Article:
Purchasing a home is a big deal. You have to choose the neighborhood, figure out what’s negotiable and what’s not, and decide how to pay for it. There are a lot of decisions to make. Here’s what you need to know about buying a Tucson house in 2019:
KNOW WHAT YOU CAN AFFORD
This is the most important question anyone house-hunting can ask before seriously beginning to look: How much house can you actually afford?
The total cost of a home is never just the price on the listing. There are fees and closing costs, interest rates, repairs, property taxes, utilities, and much more. So what looks like a $2,000 per month mortgage can easily, when everything’s added in, balloon into more than $3,000 per month spent on average.
If your budget isn’t prepared for that spend, you may quickly run into financial trouble.
Take a deep look at your budget and decide just how much you can reasonably afford each month toward housing and all the associated costs. Use this number when looking at mortgage rates and narrowing down your house hunt.
Going into a house showing without being pre-qualified for a loan can waste your time and the real estate agent’s time at best, and lead to a major disappointment at worst.
If you don’t have some paperwork in hand saying how big a mortgage your lender has approved you for, you could easily be looking at homes way out of your price range. This delays the completion of your home search and eats up the time of any agent showing you a house.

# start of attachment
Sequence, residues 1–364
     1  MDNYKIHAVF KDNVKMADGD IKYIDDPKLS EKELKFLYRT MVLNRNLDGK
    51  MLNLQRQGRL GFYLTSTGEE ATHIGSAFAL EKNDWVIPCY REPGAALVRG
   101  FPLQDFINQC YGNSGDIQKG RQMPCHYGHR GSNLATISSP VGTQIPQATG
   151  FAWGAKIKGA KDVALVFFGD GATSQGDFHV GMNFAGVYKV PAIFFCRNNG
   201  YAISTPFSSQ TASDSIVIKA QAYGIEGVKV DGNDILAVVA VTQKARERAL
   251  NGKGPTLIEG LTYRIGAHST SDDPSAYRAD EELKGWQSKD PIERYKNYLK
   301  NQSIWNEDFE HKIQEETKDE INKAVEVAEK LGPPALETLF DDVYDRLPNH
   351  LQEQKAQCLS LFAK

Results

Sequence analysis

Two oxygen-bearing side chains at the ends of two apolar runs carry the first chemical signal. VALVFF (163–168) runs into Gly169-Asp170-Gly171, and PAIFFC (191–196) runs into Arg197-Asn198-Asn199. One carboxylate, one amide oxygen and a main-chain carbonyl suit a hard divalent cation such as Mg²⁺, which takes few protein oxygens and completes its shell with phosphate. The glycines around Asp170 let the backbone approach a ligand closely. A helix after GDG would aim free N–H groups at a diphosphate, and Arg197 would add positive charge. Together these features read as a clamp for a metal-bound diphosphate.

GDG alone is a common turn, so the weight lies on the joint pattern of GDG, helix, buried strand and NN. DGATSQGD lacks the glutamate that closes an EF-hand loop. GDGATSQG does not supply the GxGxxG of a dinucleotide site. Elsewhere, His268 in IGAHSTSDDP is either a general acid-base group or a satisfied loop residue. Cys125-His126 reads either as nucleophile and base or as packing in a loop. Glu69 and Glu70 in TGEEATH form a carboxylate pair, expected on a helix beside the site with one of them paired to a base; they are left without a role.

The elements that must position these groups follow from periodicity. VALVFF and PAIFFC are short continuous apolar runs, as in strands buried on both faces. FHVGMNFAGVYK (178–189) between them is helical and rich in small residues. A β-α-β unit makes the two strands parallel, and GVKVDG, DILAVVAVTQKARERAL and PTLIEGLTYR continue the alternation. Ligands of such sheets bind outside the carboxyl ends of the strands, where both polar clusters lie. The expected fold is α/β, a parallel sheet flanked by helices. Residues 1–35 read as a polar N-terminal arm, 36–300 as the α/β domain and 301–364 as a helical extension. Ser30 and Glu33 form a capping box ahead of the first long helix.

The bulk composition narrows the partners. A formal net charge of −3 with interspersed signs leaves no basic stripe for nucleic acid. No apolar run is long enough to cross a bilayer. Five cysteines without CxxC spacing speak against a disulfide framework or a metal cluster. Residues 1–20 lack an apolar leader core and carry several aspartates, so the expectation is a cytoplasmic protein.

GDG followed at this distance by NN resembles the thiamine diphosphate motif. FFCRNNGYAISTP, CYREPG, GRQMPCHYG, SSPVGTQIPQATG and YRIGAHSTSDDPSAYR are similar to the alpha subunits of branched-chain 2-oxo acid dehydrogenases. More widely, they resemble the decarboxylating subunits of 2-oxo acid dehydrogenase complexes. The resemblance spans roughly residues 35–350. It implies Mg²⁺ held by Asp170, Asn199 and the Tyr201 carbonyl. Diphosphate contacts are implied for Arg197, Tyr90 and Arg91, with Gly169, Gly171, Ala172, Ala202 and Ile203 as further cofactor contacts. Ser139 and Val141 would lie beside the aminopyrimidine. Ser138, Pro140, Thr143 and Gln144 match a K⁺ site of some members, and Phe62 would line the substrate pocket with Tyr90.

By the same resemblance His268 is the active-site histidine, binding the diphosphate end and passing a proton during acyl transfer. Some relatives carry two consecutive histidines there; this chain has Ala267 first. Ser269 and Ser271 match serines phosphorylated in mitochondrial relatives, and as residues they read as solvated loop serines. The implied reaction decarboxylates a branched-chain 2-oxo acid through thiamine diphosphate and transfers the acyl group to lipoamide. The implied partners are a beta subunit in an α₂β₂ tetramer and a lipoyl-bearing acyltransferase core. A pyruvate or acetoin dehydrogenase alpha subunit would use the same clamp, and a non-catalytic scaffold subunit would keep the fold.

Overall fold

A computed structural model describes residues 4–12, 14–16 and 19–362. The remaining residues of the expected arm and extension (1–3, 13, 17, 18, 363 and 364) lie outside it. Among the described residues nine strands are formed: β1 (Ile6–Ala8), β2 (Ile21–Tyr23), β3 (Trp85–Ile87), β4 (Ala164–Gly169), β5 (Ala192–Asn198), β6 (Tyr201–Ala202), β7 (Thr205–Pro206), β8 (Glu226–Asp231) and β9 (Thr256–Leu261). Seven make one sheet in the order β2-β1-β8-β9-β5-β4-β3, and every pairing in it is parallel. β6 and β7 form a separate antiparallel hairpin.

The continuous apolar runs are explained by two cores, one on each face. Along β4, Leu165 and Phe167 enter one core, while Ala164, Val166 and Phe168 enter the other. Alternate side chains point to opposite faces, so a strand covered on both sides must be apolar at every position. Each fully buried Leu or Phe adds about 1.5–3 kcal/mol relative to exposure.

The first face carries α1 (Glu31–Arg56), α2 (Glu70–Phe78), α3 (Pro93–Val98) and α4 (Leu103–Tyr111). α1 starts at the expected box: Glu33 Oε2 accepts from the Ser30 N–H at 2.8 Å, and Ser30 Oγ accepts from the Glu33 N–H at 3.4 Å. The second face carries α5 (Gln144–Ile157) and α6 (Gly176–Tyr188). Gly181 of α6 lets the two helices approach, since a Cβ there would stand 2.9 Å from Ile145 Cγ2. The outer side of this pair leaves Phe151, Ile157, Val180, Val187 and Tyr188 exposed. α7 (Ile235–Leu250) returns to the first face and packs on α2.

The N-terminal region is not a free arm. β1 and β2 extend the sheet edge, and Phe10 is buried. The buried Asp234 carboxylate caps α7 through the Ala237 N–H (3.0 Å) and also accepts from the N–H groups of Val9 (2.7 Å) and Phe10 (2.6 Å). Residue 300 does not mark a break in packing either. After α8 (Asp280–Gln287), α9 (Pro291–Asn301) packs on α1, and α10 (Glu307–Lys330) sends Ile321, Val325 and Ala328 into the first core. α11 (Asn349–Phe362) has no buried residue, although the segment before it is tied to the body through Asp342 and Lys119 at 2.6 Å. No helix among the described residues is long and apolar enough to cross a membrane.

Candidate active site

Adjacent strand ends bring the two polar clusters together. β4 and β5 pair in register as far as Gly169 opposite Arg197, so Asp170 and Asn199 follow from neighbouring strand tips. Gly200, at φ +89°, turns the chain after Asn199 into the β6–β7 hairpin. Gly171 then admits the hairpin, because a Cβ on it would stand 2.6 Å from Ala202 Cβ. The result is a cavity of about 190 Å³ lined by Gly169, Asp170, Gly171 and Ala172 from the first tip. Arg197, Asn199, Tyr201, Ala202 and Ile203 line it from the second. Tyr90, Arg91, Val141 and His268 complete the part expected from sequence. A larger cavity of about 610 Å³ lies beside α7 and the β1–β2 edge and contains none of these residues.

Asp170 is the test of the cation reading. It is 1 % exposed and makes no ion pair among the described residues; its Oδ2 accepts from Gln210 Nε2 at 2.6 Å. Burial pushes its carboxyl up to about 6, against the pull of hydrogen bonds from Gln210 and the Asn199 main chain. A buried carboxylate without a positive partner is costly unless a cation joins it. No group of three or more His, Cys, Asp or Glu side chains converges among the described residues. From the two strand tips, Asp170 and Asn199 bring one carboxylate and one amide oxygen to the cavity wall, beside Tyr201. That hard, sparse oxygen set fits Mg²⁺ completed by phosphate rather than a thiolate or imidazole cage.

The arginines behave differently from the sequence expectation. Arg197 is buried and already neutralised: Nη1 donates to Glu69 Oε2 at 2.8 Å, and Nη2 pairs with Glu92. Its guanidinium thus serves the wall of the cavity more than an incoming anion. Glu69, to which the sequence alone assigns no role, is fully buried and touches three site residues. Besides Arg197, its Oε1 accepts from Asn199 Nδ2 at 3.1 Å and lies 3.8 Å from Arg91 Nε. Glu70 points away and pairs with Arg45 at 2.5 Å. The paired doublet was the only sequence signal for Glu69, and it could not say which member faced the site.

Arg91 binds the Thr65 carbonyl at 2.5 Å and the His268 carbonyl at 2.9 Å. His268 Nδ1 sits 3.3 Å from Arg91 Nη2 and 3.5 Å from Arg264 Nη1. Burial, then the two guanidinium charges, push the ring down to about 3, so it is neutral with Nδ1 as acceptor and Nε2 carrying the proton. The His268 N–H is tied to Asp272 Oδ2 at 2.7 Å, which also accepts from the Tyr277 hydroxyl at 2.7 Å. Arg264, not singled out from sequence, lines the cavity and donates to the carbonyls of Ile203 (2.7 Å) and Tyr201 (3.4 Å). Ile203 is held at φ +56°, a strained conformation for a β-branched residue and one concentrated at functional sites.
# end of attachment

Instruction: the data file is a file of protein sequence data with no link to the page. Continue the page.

And if you end up finding your dream home, with its ideal neighborhood, open floor plan, and eat-in kitchen only to discover down the line that it is way out of your price range, your entire house-hunting experience can be soured.
Rather than going in blind, get the mortgage pre-qualification process rolling as soon as you’ve decided on your ideal monthly housing spend. It often only takes a couple of days, at most, to receive notice that you’re pre-qualified for mortgages up to a certain dollar amount.
PLAN FOR RISING INTEREST RATES
Another important thing to know about buying is that interest rates on home loans have been increasing after sitting at historic lows for several years. This is a sign that there’s more confidence in the home market, which is good, but it can be a headache for home buyers.
If you’re just thinking about beginning the process of buying a home, plan some extra wiggle room into your monthly budget to cover any rises in interest rates between now and when you do end up buying. Also, carefully consider what type of mortgage you want to lock yourself into.
While adjustable-rate mortgages were seen as desirable for some time due to the ability to pay lower interest rates while the balance of the loan is higher, increasing interest rates may make these less attractive to many people.
If keeping a consistent, predictable monthly payment is important to you, consider going with a fixed-rate mortgage to lock in today’s interest rates should those rates continue their upward trend.
KNOW YOUR CREDIT SCORE
There’s some debate about exactly what credit score you “need” to be able to get a mortgage. Understanding yours is a vital thing to know about buying a home in 2019.
If your credit score is over 700 or so, you’re likely to have little trouble getting approved for a mortgage that’s within your price range. But what happens if you’ve got a lower credit score?
The minimum credit score most lenders will consider is 620, though some may go as low as 580. If your score is below that range, consider delaying your home purchase some as you work toward improving your credit score and your chances of getting approved.